I'd guess it's more about the stupid users than the airline thing.
 
Timothybil

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Minor point: Ebay doesn't 'sell' anything. They act as agent for the individual people/vendors that have listings there. Technically, that lets them off the hook as far as shipping li-ion cells and any liability from doing so. But I can see Ebay being included in a liability suit from someone shotgunning every possibility when filing a suit, with the ensuing expense to defend against same. So I can see a decision to stop allowing listings of li-ion by themselves as a means of avoiding being included in any such suits.

Follow-up thought: I remembered that they will handle ALL the details of a transaction, for a cut of the sales. In that case, they may or may not be handling the actual packaging and shipping of those items. Still, the above thought still applies.
 
bykfixer

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Not all TB but quite a few of the items I've bought through eBay had eBay packing tape, mailing labels and/or other labels that showed it was an eBay sold product.
Does that make them liable? Lawyers and judges would have to decide that. I suppose it would be like the victim of a drunk driver suing the store that sold the alcohol. Or perhaps the bar that sold it, which in my mind would be a lot different than suing, say Food Lion for selling the beer the driver got drunk with.

I do know that a lot of vape shops got nervous when a few batteries exploded and no longer sold certain brands of 18650 cells because there were so many knockoffs of them that unless they stress tested every one there was no way to know if it was real or not. Those "sub ohm" vape devices can really tax a battery. Some draw less than half an ohm for up to ten seconds. WOW!!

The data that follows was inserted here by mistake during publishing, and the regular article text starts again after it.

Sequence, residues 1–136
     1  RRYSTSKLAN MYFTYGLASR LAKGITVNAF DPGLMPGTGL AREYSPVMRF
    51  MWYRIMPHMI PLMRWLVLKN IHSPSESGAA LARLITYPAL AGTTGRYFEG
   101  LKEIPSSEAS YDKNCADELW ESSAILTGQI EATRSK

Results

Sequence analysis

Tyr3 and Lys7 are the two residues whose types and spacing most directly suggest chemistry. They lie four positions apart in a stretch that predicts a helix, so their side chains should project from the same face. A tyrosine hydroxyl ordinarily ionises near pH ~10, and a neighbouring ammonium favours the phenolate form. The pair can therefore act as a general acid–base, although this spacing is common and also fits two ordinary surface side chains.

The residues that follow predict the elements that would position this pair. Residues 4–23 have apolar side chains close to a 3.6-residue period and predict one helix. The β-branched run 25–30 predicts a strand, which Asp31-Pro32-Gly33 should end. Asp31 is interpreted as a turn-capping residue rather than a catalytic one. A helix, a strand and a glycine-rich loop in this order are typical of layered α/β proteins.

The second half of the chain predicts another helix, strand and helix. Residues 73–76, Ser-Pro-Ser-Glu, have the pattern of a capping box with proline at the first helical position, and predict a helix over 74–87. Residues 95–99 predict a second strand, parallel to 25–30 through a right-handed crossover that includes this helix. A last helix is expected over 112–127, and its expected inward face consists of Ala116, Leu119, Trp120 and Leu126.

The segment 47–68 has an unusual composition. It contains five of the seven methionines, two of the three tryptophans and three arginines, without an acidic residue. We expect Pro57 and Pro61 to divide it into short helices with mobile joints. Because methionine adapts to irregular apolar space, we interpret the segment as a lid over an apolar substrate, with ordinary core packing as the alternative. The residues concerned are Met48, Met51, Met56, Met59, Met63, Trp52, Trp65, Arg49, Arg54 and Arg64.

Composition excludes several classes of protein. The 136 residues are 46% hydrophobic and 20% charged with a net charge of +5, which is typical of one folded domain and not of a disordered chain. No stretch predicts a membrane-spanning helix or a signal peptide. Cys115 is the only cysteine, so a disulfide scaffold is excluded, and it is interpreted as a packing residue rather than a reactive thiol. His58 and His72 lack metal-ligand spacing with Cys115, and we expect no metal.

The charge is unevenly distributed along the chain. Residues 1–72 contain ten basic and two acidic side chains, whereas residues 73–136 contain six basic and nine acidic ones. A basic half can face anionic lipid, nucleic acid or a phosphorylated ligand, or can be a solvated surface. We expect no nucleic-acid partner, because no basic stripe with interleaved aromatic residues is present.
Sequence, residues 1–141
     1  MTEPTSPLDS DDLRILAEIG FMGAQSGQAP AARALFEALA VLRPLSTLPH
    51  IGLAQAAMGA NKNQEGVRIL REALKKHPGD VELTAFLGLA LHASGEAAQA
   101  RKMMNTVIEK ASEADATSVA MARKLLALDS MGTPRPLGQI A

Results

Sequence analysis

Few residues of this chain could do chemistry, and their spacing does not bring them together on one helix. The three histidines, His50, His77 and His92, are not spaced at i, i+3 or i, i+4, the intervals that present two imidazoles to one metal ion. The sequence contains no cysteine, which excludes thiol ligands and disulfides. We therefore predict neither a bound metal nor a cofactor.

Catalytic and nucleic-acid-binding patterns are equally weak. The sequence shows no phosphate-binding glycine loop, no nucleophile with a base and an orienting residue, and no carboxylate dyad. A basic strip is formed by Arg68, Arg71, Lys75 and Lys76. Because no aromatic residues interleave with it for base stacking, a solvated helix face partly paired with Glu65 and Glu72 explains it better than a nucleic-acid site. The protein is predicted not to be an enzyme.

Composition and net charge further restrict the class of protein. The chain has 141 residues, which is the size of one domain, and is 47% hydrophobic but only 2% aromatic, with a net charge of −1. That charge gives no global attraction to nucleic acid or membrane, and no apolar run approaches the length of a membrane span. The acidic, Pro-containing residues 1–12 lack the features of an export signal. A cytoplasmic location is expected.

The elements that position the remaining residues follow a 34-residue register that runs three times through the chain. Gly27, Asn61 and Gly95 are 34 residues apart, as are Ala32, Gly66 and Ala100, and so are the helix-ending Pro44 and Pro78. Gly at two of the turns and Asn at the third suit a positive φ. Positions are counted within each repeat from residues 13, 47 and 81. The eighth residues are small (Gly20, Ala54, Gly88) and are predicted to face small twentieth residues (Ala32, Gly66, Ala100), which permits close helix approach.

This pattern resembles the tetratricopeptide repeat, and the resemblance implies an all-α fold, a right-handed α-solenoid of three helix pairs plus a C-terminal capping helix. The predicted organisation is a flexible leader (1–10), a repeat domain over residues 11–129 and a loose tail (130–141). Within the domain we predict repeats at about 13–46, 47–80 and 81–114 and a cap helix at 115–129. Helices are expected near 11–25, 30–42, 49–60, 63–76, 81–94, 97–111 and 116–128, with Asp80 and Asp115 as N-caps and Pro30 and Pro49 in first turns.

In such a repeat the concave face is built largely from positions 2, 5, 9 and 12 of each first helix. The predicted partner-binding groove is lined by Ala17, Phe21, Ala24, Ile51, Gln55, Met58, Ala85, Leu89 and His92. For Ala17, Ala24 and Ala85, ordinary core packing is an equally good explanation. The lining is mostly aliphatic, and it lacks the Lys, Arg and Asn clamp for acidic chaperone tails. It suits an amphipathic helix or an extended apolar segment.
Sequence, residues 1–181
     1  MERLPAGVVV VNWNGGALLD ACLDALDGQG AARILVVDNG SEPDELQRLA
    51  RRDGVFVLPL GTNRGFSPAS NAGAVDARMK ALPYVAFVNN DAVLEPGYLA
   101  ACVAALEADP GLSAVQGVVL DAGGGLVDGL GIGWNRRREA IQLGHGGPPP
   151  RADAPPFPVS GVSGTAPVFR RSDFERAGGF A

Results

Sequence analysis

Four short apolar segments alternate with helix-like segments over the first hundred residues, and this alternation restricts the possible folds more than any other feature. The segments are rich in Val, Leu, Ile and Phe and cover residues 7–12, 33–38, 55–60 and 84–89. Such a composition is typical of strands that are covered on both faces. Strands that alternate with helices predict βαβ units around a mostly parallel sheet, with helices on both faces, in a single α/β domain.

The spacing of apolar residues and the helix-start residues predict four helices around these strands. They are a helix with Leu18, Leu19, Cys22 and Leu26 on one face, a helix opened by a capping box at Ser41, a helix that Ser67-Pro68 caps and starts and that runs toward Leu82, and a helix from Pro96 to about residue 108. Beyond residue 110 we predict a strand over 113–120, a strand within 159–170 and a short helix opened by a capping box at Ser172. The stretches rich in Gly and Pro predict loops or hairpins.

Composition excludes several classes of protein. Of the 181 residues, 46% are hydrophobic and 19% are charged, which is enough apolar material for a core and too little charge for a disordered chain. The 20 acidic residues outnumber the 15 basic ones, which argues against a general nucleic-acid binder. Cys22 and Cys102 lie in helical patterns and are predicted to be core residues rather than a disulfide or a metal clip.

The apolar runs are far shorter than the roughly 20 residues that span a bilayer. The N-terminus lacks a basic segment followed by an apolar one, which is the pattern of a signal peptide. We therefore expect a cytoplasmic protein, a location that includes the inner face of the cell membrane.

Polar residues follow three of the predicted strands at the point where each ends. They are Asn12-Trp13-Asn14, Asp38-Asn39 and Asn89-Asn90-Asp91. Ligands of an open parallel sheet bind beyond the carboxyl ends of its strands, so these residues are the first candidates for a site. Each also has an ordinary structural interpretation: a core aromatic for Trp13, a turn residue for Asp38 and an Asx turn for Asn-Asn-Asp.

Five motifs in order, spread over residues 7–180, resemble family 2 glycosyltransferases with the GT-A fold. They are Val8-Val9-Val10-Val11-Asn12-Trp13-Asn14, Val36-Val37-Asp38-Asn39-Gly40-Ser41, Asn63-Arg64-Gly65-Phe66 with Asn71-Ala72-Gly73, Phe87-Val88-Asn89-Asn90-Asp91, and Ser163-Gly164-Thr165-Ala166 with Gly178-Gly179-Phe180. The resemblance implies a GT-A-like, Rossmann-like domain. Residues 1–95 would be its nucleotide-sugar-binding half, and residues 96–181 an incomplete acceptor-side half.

bykfixer

bykfixer

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Me thinx if they donate enough to the right political organizations they'll be ok. If they don't……well good luck wit dat. lol
 
Poppy

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Before the internet was open to the public, a good friend of mine was a corporate risk manager for a large catalog company. If I recall correctly, ANYTHING they listed in their catalog, whether they handled it or not, could get them pulled into a lawsuit over it, along with the manufacturer, parts supplier to the manufacturer, and every entity along the way. The lawyers named everyone, and went for the deep pockets.

Some products, they wouldn't list in their catalog, or others, only if they had warning labels on them. The stories he told of various suits that were filed, often had me laughing in incredulity. He was a proponent of the British rule; "loser pays" to reduce the number of lawsuits, and the financial burden of continually having to bear the cost of having to defend against them.

One example is: A guy got drunk and fell off of a ladder, and sued everyone, up and down the line. You'll now find labels on ladders: "Danger falling hazard! Don't use this product after consuming alcohol!"
 
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marinemaster

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Total US lawyer BS, they don’t know anything else but to sue.
 
Daniel_sk

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I ordered a pair of 18650 from an eBay seller 3 years ago. I was surprised when I opened the package and there was a cheap LED flashlight light. I was going to write a question to the seller, maybe he sent me something else by mistake? But then I noticed that it's just a shell for the actual batteries, the flashlight didn't even work. This is one of the tricks how you can send 18650 or any other cells to comply with airmail rules (can't ship loose cells not installed in a device).